Statement on the Scottish Referendum

I welcome this result but no one would be fooled by the idea that this is an endorsement of the status quo.

We have to accept that this is a strong mandate for greater federalism in the UK, for decades now the Celtic Nations have been calling for greater devolution and the English regions like Cornwall and the North are reigniting their desire for greater autonomy. I think Ed Miliband’s plans for greater city autonomy clearly shows Labour is the party to deliver on these ideals shared by much of the of British people.

And in Westminster we need to accept that decisiveness is urgent to finally address our constitutional issues including the House or Lords, which I have been calling for my entire parliamentary career.

People throughout the UK will not stand for inertia from Whitehall and the House of Commons any longer.

This referendum has woken up political engagement in the UK and that is something to be celebrated, it’s absolutely vital that we take heed of that but it’s what all of Britain, regardless of political creed wants.

There is a strong case for the Committee Stage of English-only Bills to be scrutinised and amendments debated by English MPs only.  But it would be fatal to balkanise Westminster by creating first and second class MPs for votes on the floor of the Commons.  Otherwise only London MPs should decide on laws for London and so on, and crucially the Prime Minister would in practice be elected by English MPs alone since the PM would have to command a majority in the ‘England section’ of Westminster.  The solution is devolution in England coupled with a federal UK Parliament in which English MPs would as they do now dominate, comprising 80 per cent of all MPs.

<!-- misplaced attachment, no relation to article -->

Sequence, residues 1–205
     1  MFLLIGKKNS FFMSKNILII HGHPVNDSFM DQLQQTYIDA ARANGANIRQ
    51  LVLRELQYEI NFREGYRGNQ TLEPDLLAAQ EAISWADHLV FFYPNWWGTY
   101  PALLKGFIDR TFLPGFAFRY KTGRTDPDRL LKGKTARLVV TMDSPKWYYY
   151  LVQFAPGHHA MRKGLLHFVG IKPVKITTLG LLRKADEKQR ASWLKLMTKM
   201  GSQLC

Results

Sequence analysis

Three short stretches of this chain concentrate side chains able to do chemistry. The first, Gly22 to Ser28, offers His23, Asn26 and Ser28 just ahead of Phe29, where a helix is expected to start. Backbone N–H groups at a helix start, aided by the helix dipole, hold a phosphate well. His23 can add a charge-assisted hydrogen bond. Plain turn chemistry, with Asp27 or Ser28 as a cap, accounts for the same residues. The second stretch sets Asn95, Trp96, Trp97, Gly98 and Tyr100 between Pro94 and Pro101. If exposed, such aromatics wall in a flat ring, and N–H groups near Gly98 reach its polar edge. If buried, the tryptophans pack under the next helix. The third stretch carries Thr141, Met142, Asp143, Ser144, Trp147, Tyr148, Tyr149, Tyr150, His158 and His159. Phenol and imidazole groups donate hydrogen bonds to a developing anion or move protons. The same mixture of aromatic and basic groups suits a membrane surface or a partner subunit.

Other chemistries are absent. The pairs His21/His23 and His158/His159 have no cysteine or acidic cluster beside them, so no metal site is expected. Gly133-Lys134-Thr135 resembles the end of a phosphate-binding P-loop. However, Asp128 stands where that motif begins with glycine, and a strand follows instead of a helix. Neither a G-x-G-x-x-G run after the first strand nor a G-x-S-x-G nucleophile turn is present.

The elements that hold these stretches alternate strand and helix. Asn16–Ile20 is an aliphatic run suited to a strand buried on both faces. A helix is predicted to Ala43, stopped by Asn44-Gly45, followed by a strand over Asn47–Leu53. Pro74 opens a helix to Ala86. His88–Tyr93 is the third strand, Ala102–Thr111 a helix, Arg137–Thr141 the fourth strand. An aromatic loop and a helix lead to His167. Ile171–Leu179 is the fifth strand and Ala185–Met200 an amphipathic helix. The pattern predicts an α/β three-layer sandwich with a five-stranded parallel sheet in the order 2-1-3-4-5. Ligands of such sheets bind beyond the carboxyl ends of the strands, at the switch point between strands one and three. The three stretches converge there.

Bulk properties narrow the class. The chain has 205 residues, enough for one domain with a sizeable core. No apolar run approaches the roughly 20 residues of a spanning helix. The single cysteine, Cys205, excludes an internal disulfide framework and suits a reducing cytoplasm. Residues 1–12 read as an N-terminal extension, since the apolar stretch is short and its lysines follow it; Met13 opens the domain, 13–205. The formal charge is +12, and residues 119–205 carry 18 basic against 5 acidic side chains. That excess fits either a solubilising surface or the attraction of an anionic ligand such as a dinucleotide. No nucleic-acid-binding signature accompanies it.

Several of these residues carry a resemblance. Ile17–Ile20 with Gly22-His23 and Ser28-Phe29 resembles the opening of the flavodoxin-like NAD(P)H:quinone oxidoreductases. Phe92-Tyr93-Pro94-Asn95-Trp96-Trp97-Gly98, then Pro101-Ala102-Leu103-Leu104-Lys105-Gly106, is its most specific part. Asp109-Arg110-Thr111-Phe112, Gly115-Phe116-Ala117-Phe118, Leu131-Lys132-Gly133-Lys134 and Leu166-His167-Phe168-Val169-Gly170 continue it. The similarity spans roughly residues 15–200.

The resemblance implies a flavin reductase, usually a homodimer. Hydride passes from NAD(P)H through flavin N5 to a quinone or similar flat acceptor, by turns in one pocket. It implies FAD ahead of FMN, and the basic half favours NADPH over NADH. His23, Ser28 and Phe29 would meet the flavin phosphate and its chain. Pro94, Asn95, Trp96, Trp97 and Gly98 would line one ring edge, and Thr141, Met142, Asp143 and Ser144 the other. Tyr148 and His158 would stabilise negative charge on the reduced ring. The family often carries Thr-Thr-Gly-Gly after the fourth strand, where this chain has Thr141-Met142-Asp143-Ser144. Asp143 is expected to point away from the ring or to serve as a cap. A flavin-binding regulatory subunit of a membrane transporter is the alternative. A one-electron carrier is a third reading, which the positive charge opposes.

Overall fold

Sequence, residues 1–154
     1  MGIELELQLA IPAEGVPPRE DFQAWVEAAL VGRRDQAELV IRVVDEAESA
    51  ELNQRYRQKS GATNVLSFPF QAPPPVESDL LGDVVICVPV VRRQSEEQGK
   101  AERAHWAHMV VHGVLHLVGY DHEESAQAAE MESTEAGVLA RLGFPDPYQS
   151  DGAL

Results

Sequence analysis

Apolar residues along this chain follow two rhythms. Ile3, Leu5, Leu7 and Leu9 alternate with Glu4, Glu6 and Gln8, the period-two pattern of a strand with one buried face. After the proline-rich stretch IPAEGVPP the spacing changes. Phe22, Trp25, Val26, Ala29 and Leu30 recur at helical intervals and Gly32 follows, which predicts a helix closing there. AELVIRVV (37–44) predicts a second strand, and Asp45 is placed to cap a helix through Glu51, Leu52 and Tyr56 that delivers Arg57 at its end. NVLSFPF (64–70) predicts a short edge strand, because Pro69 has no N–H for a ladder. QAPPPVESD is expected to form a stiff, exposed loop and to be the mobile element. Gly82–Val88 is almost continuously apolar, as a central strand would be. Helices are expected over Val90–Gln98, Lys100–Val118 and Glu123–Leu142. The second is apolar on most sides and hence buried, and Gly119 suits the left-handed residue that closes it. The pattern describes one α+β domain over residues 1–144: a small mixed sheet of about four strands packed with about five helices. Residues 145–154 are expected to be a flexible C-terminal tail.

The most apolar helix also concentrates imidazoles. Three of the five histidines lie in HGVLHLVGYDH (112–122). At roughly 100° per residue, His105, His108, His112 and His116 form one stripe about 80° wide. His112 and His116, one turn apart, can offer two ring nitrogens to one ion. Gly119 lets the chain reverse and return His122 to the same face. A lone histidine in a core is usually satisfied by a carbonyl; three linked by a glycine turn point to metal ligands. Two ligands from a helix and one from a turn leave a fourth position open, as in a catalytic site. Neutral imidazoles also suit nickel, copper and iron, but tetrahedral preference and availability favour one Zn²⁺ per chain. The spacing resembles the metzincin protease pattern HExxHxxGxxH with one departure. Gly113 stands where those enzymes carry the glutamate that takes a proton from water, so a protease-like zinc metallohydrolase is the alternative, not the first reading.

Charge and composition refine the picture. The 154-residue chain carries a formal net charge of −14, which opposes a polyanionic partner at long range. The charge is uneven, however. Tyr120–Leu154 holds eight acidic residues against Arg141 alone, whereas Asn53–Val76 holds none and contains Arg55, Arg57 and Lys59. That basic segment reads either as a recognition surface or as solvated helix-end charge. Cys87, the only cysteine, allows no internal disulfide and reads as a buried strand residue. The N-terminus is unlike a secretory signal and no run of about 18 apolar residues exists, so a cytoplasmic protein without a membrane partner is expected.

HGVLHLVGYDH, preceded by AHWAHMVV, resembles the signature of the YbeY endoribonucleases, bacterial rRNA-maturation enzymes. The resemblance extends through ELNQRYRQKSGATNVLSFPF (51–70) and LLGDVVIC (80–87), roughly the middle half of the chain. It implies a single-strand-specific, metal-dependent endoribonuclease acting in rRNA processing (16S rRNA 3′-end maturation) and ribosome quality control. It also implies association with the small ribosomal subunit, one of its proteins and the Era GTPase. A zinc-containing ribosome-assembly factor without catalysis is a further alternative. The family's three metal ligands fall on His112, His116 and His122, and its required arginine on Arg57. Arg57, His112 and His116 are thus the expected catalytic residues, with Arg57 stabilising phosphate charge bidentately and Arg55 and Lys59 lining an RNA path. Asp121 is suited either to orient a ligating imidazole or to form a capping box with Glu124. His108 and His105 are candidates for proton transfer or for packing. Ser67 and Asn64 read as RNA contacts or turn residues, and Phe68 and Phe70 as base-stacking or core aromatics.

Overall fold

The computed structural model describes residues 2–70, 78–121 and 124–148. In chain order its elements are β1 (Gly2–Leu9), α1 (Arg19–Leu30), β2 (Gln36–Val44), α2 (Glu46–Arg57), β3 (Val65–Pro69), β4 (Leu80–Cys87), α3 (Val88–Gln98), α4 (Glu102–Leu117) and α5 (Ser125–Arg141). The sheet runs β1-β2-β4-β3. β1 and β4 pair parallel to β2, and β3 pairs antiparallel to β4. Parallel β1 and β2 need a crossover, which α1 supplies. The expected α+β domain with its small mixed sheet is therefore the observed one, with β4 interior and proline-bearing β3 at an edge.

Hain warns of Skeleton Services for Local Authorities if magnitude of callous Westminster cuts continues

David Cameron has been warned by Peter Hain that continuing to slash budgets for local authorities will have irreversible consequences and leave Councils with the bare minimum of services. His letter comes as local authorities look to make further savings to plug their budget deficits with Neath Port Talbot looking at a cut of between £50 and £60million on top of the £30million already taken out in the last five years.

In a stinging letter to the Prime Minster the Neath MP said, ‘I am deeply perturbed by the devastating effect your Government’s swingeing cuts are having on the ability of local authorities to carry out their functions.

‘Difficult decisions have already been made to cut highly valued services and to reduce the size of the workforce to enable the Council to meet the budget shortfall. Only through the hard work of the Councillors, Officers, Trade Unions and staff have compulsory redundancies been avoided, which is vital given the high unemployment rate in the constituency.